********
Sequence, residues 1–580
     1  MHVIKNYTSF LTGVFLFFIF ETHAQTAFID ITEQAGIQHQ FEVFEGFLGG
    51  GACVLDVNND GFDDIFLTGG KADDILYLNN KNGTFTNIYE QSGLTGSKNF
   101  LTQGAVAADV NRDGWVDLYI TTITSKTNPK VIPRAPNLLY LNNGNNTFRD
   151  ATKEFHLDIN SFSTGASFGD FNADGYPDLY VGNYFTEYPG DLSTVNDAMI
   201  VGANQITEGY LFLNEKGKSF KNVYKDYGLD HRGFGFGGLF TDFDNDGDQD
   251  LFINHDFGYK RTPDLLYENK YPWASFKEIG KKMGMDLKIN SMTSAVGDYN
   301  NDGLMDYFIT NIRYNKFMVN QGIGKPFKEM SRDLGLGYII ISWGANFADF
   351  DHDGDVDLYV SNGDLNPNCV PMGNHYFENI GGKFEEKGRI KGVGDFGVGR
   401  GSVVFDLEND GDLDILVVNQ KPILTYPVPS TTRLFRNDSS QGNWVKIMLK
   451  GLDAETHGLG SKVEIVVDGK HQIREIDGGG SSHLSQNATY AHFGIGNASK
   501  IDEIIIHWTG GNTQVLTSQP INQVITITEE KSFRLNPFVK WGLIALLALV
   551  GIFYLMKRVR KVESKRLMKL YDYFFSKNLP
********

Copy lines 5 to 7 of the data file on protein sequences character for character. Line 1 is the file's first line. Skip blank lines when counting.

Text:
   151  ATKEFHLDIN SFSTGASFGD FNADGYPDLY VGNYFTEYPG DLSTVNDAMI
   201  VGANQITEGY LFLNEKGKSF KNVYKDYGLD HRGFGFGGLF TDFDNDGDQD
   251  LFINHDFGYK RTPDLLYENK YPWASFKEIG KKMGMDLKIN SMTSAVGDYN